Original article on www.vagabondjourney.com
We fled Marrakesh less than 24 hours after we arrived. The Grand Taxi’s station wasn’t very difficult to find : a Petit Taxi led us there for less than 1$. From there we wanted to reach Imlil, the small village which is the departure point for the hike which leads up to the highest summit of Morocco, the Toubkal.
The station was at the border between Marrakesh and the countryside: that was a kind of waste ground where some people were selling fruits and vegetables. The smell of gasoline was filled the air. A dozen of old sand-colored Mercedes cars were parked in the lot. Their drivers were chitchatting together in the shadow of the fruit stall. Before my foot hit the ground, they literally teleported themselves next to us, asking “Where are you going ?” After a small bargain we were driving east, in the direction of the mountains lost in the mist.
The counter of the antique Mercedes displayed 962,421km, but didn’t move anymore. The hand of Fatima was hanging from the rear-view mirror, dancing to the rhythm of the bends in the road. The desert-like landscape of Marrakesh’s surroundings quickly became mountainous, and the road tapered thinner as it again and again moved through the switchbacks. Sometimes, we could see mules and their drivers on the side of the road and some old mopeds, but they all disappeared in a blink of an eye. The closer we got to Imlil the worst the road became, and it soon turned into a dusty track covered with potholes.
Imlil is a small village which is perched 5,500 feet above the sea. New buildings stand next to traditional ones. The chain of the High-Atlas where the second highest peak of Africa rises -the Toubkal- stretches away from north to south in the east part of Morocco, running parallel with the Atlantic coastline. We met Luis there, the Spanish guy who would walk with us during a part of the trek.
The dawn was close and the air fresh when we woke up. The village seemed like a ghost city in the surrounding fog. We met up with Luis, and drank tea in order to wake and warm us up before starting our hike. Then, it was only a matter of following the track that was winding through the mountain. The fog was covering everything: it was impossible to see something further than 50 feet away. We could hear the noise of a river roaring down the mountain but its bed was lost in the mist.
After some time we crossed hundreds of meters along the bottom of a valley, dug by a glacier long ago. The stones were rolling under our shoes, and the mist began to clear, allowing the landscape to appear. We could finally catch a glimpse of the peaks which surrounded us: high and torn summits covered by snow here and there. Then, we took the small path near a sign that said “You are now entering in the Natural Park of the Toubkal.”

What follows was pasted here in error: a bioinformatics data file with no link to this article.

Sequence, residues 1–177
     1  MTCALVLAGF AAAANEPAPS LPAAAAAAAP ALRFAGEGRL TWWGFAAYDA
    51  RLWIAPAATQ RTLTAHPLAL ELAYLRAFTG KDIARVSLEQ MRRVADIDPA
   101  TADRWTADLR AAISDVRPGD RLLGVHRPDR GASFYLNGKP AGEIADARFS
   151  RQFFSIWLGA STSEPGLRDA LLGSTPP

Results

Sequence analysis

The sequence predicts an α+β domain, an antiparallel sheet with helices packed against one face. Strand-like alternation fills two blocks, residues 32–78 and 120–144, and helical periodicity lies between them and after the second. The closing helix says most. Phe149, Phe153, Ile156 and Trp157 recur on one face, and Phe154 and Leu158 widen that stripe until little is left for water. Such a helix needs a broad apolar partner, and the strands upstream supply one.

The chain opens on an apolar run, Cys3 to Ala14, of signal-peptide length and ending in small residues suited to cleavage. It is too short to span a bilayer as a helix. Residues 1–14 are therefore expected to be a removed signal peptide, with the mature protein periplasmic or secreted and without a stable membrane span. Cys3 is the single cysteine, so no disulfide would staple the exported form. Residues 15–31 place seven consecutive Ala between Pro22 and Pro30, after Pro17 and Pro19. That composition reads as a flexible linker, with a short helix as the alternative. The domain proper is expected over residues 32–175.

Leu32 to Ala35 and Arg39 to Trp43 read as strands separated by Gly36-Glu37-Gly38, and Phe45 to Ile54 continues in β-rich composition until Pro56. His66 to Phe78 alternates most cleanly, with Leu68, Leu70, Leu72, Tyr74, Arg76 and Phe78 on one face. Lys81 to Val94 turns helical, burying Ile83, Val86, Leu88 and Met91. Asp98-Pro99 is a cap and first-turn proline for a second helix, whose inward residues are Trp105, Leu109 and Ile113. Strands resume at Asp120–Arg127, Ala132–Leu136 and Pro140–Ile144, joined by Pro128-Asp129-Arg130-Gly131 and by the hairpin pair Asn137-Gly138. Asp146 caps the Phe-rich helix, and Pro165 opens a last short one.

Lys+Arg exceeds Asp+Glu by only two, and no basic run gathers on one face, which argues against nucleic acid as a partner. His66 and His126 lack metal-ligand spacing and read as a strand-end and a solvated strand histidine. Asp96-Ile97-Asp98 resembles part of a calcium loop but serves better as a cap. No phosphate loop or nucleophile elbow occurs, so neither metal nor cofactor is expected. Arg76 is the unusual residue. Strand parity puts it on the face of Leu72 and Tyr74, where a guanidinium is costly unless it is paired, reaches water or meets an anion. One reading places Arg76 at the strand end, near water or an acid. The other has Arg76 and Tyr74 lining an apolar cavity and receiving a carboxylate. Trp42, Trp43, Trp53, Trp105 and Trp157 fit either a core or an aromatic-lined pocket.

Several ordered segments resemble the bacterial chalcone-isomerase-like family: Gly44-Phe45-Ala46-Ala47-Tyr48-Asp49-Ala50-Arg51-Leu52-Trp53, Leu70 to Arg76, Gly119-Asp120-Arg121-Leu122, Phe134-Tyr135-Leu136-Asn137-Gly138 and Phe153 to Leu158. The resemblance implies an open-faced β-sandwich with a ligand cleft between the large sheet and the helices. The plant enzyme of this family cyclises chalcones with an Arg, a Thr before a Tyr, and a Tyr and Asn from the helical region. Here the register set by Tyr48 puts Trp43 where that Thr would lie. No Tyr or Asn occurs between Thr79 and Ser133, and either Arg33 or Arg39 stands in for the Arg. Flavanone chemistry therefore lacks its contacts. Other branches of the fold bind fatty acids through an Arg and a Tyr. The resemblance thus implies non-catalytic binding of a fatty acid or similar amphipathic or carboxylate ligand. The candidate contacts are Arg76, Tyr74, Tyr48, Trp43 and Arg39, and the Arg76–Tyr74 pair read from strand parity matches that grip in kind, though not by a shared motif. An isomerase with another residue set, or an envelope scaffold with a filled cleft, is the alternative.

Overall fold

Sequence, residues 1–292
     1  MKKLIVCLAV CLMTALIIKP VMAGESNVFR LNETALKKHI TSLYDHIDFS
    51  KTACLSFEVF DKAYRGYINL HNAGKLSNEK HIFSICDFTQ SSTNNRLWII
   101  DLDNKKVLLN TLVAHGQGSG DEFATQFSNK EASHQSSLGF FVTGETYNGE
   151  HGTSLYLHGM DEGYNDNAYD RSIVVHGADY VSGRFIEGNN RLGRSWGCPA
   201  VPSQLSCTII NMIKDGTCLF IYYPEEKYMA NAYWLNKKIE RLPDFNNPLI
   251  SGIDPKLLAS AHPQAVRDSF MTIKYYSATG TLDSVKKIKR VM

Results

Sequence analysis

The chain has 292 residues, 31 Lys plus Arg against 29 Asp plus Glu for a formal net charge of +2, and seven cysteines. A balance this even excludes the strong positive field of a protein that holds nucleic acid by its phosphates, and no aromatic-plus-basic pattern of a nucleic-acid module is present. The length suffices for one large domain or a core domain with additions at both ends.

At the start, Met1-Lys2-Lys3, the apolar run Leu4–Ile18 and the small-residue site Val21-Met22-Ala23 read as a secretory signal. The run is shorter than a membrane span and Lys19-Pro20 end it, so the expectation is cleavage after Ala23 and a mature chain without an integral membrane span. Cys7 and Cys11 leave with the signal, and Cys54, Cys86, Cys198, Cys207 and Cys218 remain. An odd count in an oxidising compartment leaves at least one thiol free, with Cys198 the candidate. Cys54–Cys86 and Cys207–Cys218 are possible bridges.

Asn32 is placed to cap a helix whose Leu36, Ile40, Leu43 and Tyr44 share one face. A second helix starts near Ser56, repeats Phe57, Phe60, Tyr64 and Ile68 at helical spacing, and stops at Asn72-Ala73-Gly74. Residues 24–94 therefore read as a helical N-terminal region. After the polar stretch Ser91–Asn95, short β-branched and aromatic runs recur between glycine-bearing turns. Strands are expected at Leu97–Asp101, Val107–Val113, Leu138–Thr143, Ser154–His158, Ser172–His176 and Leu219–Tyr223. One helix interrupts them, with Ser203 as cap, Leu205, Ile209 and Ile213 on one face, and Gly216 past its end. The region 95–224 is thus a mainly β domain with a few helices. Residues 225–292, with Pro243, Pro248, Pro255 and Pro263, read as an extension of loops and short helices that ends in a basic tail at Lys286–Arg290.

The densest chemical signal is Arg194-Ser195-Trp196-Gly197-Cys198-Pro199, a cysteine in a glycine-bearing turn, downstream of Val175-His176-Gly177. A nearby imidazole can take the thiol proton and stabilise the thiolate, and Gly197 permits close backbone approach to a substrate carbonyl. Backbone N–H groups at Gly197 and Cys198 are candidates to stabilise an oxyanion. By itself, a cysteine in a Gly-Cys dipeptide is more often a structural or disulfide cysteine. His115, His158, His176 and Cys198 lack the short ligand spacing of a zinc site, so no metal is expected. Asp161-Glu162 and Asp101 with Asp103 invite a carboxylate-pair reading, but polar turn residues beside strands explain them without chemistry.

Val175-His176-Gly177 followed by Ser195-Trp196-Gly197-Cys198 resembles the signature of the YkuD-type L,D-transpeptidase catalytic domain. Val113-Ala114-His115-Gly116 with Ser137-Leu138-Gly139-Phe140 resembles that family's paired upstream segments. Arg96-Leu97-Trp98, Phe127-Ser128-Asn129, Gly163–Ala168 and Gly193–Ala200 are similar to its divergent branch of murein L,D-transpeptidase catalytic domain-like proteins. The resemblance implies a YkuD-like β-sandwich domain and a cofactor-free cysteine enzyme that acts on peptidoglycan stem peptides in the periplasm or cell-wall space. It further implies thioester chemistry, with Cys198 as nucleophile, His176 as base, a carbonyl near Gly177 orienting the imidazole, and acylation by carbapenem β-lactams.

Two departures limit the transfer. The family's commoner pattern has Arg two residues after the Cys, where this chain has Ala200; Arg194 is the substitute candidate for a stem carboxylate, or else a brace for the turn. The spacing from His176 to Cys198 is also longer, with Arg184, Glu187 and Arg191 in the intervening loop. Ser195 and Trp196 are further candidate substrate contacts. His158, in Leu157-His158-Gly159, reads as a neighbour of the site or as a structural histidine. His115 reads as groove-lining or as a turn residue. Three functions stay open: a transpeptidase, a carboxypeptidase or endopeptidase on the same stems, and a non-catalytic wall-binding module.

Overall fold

At this moment a Moroccan perched on a mule and its muleteer overtook us: “You should ride a mule like me, it’s easier !” laughed the man on the mule. We hadn’t wanted take a guide or mules to carry our stuffs: it was too expensive for something we could do ourselves. Though it was true that we would be able to enjoy the landscape better if we just had a small backpack to carry, but the rewards at the end would not be the same. It would have been like doing something half way: hiking is not just about walking, carrying your gear is part of the equation.
The more we were walking, the more the landscape became harsh and steep. The green from Imlil and its surroundings slowly gave way to a land of rocks. The sky was bright blue and only some swift summer clouds were passing by as a small breeze was blew.
Natalia, Luis and I took a short break, but sat most of the time without any words. While we were trying to get our breath back we stared into the mountains around us: we could see some flocks of sheep on the other side of the valley, some green tufts here and there.
During one of theses breaks, the muleteer and the guy perched on the mule appeared. How the hell did we overtake them!?! When they passed for the second time in front of us, the man on the mule searched in one of the bags hanging down on the side of the mule, dug out an orange, and threw it to me with a big smile on his face.
After three or four hours walking, a small village came up from nowhere at the end of a small cirque. The small constructions had the same color as the stones which surrounded it, and blended into the landscape. Only the red mosque conspicuously rose out the rocks. Before reaching it we had to cross a little bridge that straddled a bubbling icy-blue river. Some people seemed to live there, three hours walking from the closest village.